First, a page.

5. The blinker cuts in and out all the time--I usually get about ten minutes of blinkering per car trip, but that's only when it's cold out.
6. Now the emergency brake light has been staying on all the time, even though I haven't used my e-brake in years.

I finally brought the car in, and they told me that two tires need replacing, some calipers (that cost $113) are worn through which is why the e-brake light is staying on; and the whole console that controls the blinker is completely fried and wants replacing.  Grand total: $1000. I realize that in the past two years, I've driven significantly more than most people, but this seems ridiculous. 

How often do other people have major car repairs?  I would accept fixing my car annually if it was a much older car, but it's a 2005!  Is it just that nothing is built to last anymore, or do I just have particularly bad luck?  This is the area of my life where I do not know enough to negotiate and I do not have the time to shop around, but that just makes me feel like a sucker.  After this repair, I am parking the car unless it is pouring out or I need to leave the state.

How does everyone else deal with this?


  1. We haven't really had any major car repairs, but that's mainly because my bf is extremely handy. Thankfully!

  2. I got my 09 Corolla as a graduation gift and love love love it. It has less 50,000 miles on which explains its good condition. But I'm due for new brake pads and for new tires in the next few months. I do so much city driving so naturally the brake pads are going to wear out faster. And technically the tires I'm on are 12,000 mile tires (that came with the car) but they have just now started to wear down.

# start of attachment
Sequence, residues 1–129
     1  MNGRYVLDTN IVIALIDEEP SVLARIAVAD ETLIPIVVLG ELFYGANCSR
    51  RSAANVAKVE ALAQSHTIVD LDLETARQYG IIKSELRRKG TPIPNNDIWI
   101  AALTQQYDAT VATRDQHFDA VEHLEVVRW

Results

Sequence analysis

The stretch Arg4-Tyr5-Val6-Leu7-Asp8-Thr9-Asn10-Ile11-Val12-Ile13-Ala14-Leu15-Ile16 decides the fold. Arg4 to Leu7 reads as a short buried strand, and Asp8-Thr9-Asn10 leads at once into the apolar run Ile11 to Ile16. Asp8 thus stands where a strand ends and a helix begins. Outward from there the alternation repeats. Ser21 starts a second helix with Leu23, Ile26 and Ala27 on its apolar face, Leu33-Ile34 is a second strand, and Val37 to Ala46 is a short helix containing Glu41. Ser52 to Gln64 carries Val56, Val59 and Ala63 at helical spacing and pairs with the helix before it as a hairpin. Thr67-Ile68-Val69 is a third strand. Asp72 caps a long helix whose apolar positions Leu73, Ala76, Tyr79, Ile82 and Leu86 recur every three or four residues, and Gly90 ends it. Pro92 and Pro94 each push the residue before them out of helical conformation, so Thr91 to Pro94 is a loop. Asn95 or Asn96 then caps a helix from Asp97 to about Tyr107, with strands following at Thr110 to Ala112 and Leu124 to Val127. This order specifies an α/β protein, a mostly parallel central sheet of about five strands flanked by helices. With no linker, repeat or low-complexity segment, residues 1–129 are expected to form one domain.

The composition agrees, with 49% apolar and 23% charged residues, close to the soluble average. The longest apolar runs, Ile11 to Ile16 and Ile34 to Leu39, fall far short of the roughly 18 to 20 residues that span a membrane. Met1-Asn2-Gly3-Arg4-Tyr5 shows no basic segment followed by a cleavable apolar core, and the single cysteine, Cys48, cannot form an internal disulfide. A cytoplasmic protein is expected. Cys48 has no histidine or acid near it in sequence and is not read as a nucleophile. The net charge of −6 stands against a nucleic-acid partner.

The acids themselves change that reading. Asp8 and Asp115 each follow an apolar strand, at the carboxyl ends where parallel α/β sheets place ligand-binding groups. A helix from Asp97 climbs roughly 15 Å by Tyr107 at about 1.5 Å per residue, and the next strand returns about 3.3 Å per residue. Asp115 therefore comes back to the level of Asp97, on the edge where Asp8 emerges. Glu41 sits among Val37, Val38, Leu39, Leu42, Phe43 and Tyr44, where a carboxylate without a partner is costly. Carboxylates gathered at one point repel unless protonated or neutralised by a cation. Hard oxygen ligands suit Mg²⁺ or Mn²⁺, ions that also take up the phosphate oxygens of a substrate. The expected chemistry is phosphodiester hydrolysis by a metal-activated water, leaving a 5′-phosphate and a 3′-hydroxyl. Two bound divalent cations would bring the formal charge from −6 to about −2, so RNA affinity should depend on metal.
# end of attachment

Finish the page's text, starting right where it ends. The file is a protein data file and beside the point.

Replacing tires and brake pads is pretty common. And if you bought your car used, you really don't know what the other driver(s) did to it, so more repairs are pretty common.

  3. That’s a lot of experience you got there. I’ve had a couple of cars that gave me some troubles, but I made sure that they didn’t happen again. That being said, your next car choice should be based on what you experienced from the previous ones and on what you need. For example, if your present car needed a lot of repairs, then it might be better to buy a newer model. Hang in there; I’m sure you’ll have your perfect car soon. :)

    Leisa Dreps

  4. Sorry that you had to go through all that! Most likely, it’s the car dealership from where you bought your cars that is the problem. The best way to ensure a problem-free purchase and a reliable used car is to research used car dealers’ reputations before making a purchase. The Internet is one of the best tools at one’s disposal. A reputable car dealership usually has its own website with detailed inventory.

    Basil Glenn

  5. Quite an experience you have there. When you look at it on a different perspective, you'll actually learn a lot of things from your previous experience, right? I also have car and I take good care of it all the time. I always see to it that it has a monthly inspection, and do an oil change when needed. To make it short, have some automotive mechanic to look for your car's health. Get a reference from a friend or neighbor, and get a quote on each. Make sure that person is reliable and trustworthy.

    Bryan Meeks